Earliest Known Occurrence of the Term "Hot Dog" Pushed Back to, 1886, (Corrected Citation)

Laurence Horn laurence.horn at YALE.EDU
Thu Jan 24 15:09:27 UTC 2013

On Jan 24, 2013, at 9:12 AM, Amy West wrote:

> On 1/24/13 12:00 AM, Automatic digest processor wrote:
>>> Can a food dish using rye bread (and perhaps in preference to rolls)
>>> >and horseradish really originate in Tennessee rather than New York City?
>>> >(Wondered only half seriously.)
>>> >
>>> >Joel
>> Inspired by this discussion I tried out a hot dog (well, actually hot sausage) on (marble) rye bread with horseradish, all of which I had on hand, along with a bit of sauerkraut, which wasn't explicitly excluded in the 19th century discussion. Not bad at all. (Mercifully, Hillshire Farms does not divulge whether their product contains any bung; what you don't know can't revolt you.)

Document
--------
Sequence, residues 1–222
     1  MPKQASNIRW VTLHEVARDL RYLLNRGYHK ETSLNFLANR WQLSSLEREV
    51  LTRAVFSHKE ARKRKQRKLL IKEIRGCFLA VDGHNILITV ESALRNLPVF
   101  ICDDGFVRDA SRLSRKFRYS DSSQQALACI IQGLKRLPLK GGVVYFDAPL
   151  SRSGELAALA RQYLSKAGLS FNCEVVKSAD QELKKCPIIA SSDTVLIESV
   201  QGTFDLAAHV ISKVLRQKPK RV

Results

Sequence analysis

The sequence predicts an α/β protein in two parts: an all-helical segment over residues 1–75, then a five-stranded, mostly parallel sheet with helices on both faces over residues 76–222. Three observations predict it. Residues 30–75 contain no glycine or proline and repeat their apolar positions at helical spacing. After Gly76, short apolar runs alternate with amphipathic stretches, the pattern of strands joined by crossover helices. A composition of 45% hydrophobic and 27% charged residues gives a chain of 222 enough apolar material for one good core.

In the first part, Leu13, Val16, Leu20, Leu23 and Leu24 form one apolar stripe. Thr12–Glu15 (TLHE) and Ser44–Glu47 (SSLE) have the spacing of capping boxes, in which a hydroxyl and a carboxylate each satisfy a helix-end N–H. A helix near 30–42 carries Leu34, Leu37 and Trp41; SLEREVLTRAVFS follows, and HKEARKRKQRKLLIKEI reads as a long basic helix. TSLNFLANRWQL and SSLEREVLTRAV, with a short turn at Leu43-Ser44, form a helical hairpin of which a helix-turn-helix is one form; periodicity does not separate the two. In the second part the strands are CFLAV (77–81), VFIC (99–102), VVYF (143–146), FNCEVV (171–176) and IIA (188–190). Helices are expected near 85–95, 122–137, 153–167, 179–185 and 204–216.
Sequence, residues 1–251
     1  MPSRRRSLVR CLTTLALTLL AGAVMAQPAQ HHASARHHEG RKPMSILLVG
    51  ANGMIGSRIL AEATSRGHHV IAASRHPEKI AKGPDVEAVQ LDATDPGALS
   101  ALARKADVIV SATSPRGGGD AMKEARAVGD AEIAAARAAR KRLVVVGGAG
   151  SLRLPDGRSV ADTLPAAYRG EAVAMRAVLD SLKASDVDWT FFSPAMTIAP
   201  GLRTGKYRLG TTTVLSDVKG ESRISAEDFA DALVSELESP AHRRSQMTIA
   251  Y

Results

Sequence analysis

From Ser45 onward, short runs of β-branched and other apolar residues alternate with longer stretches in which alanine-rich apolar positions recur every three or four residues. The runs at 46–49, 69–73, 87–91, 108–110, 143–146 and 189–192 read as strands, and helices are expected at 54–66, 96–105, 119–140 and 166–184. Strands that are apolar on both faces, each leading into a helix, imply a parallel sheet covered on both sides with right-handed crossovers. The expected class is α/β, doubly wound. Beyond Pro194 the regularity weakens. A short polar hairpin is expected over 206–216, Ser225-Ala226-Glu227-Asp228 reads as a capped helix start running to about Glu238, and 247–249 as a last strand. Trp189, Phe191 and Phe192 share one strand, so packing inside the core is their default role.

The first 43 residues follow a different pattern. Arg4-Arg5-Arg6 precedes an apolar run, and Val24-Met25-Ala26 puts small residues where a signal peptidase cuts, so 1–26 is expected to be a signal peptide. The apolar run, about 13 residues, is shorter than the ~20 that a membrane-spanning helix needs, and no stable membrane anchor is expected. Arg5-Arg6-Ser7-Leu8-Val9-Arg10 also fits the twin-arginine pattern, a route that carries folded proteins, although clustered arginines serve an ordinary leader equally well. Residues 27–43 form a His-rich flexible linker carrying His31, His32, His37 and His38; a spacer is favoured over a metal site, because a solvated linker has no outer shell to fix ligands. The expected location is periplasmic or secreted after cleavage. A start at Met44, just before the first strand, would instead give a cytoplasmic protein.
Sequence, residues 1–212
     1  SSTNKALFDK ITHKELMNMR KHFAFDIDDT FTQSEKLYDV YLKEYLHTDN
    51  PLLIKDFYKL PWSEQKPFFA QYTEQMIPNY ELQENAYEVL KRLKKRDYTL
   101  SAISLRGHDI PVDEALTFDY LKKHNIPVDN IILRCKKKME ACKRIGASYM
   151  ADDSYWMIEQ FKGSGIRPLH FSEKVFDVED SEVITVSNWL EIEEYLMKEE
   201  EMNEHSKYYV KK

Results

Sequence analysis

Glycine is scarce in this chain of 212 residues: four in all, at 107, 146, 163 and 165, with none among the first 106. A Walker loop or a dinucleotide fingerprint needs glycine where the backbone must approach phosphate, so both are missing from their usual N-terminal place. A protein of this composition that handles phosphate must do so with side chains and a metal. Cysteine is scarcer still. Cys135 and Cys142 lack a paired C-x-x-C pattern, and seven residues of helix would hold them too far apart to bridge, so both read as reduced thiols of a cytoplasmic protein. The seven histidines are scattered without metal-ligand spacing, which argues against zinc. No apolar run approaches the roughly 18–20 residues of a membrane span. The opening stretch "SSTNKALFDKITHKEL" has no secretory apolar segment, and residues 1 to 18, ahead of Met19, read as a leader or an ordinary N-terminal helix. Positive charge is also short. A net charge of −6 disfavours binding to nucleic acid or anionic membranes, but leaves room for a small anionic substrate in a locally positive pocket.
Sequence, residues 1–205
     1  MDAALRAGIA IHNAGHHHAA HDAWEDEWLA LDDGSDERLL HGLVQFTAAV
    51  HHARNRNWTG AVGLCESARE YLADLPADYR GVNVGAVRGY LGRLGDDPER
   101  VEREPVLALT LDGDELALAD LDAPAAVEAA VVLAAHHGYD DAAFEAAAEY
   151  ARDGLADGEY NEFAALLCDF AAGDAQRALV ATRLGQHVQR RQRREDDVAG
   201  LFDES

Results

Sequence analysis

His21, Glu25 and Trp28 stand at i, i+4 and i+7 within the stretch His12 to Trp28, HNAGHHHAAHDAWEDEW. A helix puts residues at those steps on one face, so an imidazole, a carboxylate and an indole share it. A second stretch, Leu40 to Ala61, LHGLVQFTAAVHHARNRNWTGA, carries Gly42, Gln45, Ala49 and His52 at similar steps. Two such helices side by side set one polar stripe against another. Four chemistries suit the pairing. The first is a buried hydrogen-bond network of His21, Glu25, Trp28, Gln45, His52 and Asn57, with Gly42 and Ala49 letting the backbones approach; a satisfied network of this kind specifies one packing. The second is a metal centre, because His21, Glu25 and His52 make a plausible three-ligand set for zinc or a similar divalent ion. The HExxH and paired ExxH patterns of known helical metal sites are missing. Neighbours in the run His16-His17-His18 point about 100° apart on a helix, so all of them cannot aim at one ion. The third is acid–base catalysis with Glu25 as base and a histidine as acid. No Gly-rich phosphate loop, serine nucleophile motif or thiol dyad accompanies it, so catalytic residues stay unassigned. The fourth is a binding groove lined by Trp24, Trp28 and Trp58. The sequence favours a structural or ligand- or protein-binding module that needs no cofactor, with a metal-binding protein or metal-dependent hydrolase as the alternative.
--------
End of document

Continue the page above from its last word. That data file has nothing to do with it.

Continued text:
>> LH
> I have to admit that I have the same question as Joel. Well, there was a
> large influx of Germans into the US pre-Civil War due to the failed
> Republican movement in the German states, and a large number of them
> fought in the Union forces during the Civil War. . .I suppose there
> could be some migration to TN.
> And Herr Prof. Dr. Horn, for your experimental archaeology, I think you
> need to use what we call Vienna sausages in your experiment.
I was just allowing for inflation.


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